We’re still little more than an hour away from polls closing in Alberta, but that’s not going to stop the country from making a prediction as to how the 2019 federal election will turn out.
Based on the most recent opinion polls, electoral history, and demographic data, the website 338 Canada has compiled some statistics heading into the 43rd Canadian General Election.
Quick disclaimer: These are NOT the results of tonight’s election, this is merely what 338Canada.com is projecting may happen before any results came in.
Looking at Alberta on the website, it appears that the traditionally conservative-leaning province will remain mostly blue come October 22, with 60% of the provincial vote believed to go towards the Conservative Party of Canada.
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The Liberal Party and the NDP were basically tied in Alberta according to 338 Canada at 16% and 15% respectively, while the Green Party of Canada and the People’s Party of Canada both saw 4% expected.
As with the all provinces other than Quebec, the Bloc Quebecois were projected to receive 0% of the vote. They’re expected to pick up 30% in Quebec, however.
For Canada as a whole, the Liberals and Conservatives were neck and neck at 32.2% and 31.6%, respectively, while the NDP was sitting in third at 18%.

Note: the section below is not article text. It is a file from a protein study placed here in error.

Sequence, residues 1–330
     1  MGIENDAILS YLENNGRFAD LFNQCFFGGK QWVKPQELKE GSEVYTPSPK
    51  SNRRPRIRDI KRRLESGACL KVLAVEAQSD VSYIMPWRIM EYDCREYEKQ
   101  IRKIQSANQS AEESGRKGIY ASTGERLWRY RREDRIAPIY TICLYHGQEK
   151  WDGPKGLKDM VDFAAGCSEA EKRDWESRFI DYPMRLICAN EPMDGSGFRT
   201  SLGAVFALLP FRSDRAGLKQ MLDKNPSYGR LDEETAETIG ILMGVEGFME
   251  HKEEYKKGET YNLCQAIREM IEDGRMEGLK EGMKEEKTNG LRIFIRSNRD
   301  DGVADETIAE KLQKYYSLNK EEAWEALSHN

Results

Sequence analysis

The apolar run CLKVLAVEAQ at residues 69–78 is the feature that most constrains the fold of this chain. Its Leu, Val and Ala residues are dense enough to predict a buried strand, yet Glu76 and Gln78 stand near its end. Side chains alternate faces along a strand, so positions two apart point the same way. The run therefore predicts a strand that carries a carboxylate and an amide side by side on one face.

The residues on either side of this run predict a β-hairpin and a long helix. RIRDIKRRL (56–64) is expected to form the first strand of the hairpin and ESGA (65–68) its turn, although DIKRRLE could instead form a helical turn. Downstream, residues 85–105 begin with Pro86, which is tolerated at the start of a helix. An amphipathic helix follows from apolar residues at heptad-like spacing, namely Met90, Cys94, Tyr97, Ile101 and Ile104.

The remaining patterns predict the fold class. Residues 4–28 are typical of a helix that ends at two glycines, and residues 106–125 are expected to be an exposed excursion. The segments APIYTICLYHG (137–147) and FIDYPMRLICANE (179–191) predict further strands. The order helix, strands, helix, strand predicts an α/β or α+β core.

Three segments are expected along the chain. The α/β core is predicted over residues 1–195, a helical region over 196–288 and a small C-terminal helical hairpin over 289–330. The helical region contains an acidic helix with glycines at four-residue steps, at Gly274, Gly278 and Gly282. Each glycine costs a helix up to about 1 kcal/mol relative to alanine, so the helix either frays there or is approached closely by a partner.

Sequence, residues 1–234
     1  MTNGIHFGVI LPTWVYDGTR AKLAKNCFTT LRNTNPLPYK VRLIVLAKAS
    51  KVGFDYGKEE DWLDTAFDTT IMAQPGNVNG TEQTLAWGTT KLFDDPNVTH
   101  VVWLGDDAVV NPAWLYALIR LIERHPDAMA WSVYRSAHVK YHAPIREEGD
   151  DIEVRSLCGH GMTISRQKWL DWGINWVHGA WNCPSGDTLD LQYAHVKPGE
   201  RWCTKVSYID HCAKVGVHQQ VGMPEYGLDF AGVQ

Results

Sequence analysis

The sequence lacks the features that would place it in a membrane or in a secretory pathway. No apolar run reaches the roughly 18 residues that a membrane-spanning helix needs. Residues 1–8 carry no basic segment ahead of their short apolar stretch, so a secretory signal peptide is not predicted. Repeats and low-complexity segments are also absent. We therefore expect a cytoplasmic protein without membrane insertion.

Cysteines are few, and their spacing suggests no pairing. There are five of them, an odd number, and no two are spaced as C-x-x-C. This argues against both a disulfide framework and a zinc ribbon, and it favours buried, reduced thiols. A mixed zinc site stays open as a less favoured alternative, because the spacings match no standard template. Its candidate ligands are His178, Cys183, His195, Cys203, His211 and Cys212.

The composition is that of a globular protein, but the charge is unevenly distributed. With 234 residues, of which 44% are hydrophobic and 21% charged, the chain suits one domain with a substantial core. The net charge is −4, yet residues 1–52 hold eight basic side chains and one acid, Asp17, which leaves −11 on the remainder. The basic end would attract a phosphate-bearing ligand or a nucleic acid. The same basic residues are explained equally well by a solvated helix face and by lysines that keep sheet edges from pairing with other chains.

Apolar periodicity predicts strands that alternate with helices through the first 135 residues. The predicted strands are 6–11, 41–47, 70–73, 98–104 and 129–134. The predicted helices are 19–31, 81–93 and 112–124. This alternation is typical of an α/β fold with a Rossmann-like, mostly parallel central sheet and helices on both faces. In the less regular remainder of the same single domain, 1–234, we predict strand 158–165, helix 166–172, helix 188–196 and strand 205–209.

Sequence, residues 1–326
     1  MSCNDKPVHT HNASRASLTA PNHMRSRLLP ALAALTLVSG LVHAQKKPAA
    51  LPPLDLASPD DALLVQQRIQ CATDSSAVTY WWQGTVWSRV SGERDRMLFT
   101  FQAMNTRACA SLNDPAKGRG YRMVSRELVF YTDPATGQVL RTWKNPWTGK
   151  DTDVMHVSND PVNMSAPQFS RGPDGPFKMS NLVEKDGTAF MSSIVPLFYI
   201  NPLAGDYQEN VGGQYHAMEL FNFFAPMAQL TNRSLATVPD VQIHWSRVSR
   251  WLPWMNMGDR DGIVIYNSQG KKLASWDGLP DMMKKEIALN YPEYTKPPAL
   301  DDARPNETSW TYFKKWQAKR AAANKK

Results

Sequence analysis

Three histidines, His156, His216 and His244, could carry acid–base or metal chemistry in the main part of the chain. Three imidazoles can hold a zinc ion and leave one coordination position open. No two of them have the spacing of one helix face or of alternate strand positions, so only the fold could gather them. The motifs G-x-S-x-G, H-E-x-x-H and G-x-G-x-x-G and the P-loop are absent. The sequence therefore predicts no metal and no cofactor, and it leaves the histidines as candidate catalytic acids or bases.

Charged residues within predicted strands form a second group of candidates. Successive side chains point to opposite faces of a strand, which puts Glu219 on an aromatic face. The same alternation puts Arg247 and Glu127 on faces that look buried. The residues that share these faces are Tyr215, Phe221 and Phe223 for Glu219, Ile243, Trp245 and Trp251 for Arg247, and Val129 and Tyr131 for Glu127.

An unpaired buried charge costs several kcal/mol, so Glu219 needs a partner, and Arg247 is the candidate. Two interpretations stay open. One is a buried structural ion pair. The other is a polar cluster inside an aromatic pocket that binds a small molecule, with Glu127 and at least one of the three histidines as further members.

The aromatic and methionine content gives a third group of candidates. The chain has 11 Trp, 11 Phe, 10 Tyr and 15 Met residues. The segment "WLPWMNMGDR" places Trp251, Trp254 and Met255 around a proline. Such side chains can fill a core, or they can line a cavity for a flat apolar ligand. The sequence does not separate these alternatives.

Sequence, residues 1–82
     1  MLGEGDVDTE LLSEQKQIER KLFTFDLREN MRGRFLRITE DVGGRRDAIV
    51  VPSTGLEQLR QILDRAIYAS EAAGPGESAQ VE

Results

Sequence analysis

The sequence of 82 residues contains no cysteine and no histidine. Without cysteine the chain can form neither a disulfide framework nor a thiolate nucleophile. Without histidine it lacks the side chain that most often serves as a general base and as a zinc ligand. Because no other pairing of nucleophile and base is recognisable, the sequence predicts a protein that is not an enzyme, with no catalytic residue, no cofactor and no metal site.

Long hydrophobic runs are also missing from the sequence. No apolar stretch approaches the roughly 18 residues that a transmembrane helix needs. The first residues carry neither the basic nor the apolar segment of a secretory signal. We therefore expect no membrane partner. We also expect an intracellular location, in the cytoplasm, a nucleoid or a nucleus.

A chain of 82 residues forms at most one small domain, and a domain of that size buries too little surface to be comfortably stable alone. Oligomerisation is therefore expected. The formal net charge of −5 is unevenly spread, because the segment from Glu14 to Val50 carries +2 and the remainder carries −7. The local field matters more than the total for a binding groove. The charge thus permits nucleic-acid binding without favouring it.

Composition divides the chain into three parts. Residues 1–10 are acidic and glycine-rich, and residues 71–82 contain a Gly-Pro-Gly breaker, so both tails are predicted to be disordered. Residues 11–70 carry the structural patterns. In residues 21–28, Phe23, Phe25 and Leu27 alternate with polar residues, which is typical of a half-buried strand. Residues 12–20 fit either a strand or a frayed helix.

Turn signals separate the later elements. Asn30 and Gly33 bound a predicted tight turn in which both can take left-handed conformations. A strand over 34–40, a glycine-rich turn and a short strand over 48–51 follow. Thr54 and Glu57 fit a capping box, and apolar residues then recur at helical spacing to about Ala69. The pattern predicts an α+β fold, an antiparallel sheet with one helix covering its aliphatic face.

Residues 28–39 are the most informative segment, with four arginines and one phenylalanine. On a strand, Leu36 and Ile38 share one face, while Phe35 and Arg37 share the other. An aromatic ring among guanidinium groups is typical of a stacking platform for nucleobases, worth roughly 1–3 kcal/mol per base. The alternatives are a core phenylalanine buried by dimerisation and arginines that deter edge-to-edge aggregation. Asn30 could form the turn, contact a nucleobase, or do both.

But overall vote percentage isn’t the way seats are dispersed in Canada’s First-Past-The-Post system, so 338 Canada also put forward predictions for where those 338 seats would end up.
The Liberal Party of Canada, which saw just four seats claimed back in 2015, is projected to land just 0.1 seats, sitting behind even the NDP who 338 Canada estimated would take 0.7 seats.
Unsurprisingly, the overwhelming majority of Alberta’s seats are expected to go to the Conservative Party of Canada, with 33.3 of the province’s 34 seats projected to go blue.
For Canada as a whole, the Liberals are expected to come out with a minority government of 141.9 seats, while the Conservatives are projected to take 124.7 — an increase of nearly 30 seats compared to 2015.
Federal election polls close at 7:30 pm MST in Alberta. If you haven’t voted yet, here’s how.